Although more enterprises are using hashtags and wall posts than ever before, most are lacking the enterprise tools and internal governance policies to fully harness social media data, according to a new survey from CompTIA.
The report from the non-profit IT trade association, entitled “Social Business: Trends and Opportunities,” surveyed 400 IT and business executives at various U.S. industries in January 2012. For the survey, CompTIA broke “social tools” down into two categories: social media, like the use of public networking sites such as Facebook, Twitter and LinkedIn; and social enterprise tools, those internal solutions that may be tied into an enterprise communications strategy or CRM system.
Use of social media was the norm among those surveyed, with 82 percent engaged in Facebook, and the majority also accessing Twitter (68 percent) and LinkedIn (68 percent). For those not involved on the social networking front, the study likened the hesitation to similar early business resistance to creating an Internet presence in the early 1990s, with some businesses having little or no social media implementation during this period of mass adoption as they wait to see if social media and tools “are a passing fad.”
Even with a social media presence, CompTIA estimated no more than half of all enterprises were “significantly” engaged in their public social networking outlets. Social implementation dives even lower when it comes to adopting social enterprise tools, with only a handful of those enterprises surveyed extending their social data capabilities with tools such as Yammer, Chatter, Jive or IBM Connections. A strong social media presence backed by enterprise tools led to more communications with customers, stronger brand positioning and overall cost savings, according to the survey.
Seth Robinson, CompTIA Director of Technology Analysis and an author on the report, says there is a “stark difference” between enterprise use of Facebook and LinkedIn, and analyzing data from those networking outlets with social enterprise tools.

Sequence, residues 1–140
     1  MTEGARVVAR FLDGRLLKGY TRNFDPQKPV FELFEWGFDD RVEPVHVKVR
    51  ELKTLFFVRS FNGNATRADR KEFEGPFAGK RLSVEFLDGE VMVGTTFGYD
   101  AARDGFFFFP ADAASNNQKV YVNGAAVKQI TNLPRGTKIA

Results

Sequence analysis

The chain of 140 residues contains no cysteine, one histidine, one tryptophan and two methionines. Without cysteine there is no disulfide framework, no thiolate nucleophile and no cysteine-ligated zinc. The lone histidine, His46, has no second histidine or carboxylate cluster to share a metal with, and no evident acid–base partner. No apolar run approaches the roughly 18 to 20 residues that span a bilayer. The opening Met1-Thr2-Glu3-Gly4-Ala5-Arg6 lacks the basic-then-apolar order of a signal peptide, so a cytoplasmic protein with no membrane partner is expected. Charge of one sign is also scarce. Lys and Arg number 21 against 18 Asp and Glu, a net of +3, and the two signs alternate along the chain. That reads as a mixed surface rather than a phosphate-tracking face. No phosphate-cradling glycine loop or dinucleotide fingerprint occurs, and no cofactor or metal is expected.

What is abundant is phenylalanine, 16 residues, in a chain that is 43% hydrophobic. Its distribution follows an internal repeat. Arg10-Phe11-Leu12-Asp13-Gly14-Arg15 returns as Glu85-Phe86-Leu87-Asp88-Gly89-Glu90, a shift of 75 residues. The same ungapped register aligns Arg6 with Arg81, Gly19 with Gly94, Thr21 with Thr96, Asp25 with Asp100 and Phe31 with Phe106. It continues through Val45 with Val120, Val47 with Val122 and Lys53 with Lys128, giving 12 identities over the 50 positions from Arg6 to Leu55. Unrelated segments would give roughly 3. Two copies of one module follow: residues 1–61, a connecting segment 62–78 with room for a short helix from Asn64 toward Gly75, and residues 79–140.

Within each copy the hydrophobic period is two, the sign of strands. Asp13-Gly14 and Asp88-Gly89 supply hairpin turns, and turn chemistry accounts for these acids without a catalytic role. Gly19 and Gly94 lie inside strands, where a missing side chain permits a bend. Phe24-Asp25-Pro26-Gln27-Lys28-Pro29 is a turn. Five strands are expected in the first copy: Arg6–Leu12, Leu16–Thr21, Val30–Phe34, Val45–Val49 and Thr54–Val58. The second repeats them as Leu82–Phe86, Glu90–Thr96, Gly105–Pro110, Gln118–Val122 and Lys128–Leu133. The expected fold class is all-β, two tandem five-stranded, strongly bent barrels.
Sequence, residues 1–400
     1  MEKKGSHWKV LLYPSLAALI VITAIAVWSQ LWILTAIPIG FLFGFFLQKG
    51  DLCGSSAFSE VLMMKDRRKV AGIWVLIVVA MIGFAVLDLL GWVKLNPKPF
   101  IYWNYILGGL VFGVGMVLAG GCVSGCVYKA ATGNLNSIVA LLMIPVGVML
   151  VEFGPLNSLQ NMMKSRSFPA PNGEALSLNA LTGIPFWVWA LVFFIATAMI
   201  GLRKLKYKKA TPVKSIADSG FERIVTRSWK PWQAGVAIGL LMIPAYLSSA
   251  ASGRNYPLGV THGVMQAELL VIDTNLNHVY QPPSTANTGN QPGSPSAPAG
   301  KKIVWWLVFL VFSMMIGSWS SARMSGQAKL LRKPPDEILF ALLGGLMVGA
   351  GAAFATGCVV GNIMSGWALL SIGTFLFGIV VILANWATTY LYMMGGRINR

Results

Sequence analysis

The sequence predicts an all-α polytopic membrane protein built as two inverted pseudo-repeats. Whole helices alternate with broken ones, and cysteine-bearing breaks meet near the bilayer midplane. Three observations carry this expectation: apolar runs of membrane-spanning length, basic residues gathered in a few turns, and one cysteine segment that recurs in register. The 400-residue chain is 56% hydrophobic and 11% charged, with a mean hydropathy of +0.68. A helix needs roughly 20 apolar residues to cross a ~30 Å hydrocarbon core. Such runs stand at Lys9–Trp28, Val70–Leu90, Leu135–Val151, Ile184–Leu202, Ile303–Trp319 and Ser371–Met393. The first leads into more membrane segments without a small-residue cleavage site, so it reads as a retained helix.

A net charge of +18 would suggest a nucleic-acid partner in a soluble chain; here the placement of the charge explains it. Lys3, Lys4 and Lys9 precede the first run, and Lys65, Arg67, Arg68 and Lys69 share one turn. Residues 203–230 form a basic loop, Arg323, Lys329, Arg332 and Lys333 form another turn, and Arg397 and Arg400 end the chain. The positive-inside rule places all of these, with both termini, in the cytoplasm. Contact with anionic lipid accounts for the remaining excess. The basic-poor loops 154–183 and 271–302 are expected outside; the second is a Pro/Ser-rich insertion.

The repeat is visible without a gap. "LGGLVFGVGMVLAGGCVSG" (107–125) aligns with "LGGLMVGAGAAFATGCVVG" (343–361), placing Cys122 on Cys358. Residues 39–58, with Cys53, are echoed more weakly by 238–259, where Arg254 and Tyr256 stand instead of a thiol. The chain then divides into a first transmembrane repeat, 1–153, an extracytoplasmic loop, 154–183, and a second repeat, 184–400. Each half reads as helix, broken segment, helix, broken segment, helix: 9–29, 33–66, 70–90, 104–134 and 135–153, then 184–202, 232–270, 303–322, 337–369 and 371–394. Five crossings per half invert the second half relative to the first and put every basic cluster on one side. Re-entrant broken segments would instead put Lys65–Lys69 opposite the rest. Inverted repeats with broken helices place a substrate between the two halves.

“For all the discussion on social technologies, most companies have adopted a presence on the public sites but have not yet translated this experience into an internal platform,” Robinson says. “This translation is difficult because company culture can drive communication preferences, but the benefits to social communication indicate that companies will want to replicate these results internally.”
Between spending predictions that are expected to balloon in this space over the next few years and increased social media involvement, Robinson expects social tools to increase in prominence, especially with the growing capabilities around social analytics and data mining.
Also expected to grow in the coming years are internal policies to address social media use. Just 30 percent of those surveyed stated their enterprise had a formal social media policy in place, though another 34 percent noted that one was in the works. A challenge to instituting such a policy for many organizations will be addressing governance and allowing and enabling employees to interact online and “produce a more authentic social presence,” says Robinson.
“There are still going to be boundaries for permissible behavior, but much of that may already be covered by a company code of conduct. The power of social communications lies in transparency – a good message means that much more if the audience knows it is sincere and not crafted by corporate communications,” he says.
To access a copy of the report, click here.
This article originally appeared at Information Management.
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